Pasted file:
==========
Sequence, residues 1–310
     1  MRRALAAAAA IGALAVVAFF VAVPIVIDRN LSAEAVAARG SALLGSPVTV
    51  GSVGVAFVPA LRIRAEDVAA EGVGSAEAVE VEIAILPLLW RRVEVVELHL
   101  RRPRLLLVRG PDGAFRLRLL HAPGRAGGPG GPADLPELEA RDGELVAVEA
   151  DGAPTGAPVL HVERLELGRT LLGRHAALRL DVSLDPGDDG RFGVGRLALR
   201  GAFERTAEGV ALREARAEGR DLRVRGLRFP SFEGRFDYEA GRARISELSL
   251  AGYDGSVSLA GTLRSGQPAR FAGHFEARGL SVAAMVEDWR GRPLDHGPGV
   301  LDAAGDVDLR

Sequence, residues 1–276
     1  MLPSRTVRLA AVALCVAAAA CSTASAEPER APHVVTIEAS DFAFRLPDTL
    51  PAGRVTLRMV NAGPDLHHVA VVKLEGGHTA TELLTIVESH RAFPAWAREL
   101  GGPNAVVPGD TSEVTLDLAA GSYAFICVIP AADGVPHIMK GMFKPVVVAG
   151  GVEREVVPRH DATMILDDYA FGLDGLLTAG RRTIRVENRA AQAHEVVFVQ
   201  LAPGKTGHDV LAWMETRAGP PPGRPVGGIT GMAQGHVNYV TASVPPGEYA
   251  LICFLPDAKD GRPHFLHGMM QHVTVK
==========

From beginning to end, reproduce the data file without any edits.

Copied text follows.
Sequence, residues 1–310
     1  MRRALAAAAA IGALAVVAFF VAVPIVIDRN LSAEAVAARG SALLGSPVTV
    51  GSVGVAFVPA LRIRAEDVAA EGVGSAEAVE VEIAILPLLW RRVEVVELHL
   101  RRPRLLLVRG PDGAFRLRLL HAPGRAGGPG GPADLPELEA RDGELVAVEA
   151  DGAPTGAPVL HVERLELGRT LLGRHAALRL DVSLDPGDDG RFGVGRLALR
   201  GAFERTAEGV ALREARAEGR DLRVRGLRFP SFEGRFDYEA GRARISELSL
   251  AGYDGSVSLA GTLRSGQPAR FAGHFEARGL SVAAMVEDWR GRPLDHGPGV
   301  LDAAGDVDLR

Sequence, residues 1–276
     1  MLPSRTVRLA AVALCVAAAA CSTASAEPER APHVVTIEAS DFAFRLPDTL
    51  PAGRVTLRMV NAGPDLHHVA VVKLEGGHTA TELLTIVESH RAFPAWAREL
   101  GGPNAVVPGD TSEVTLDLAA GSYAFICVIP AADGVPHIMK GMFKPVVVAG
   151  GVEREVVPRH DATMILDDYA FGLDGLLTAG RRTIRVENRA AQAHEVVFVQ
   201  LAPGKTGHDV LAWMETRAGP PPGRPVGGIT GMAQGHVNYV TASVPPGEYA
   251  LICFLPDAKD GRPHFLHGMM QHVTVK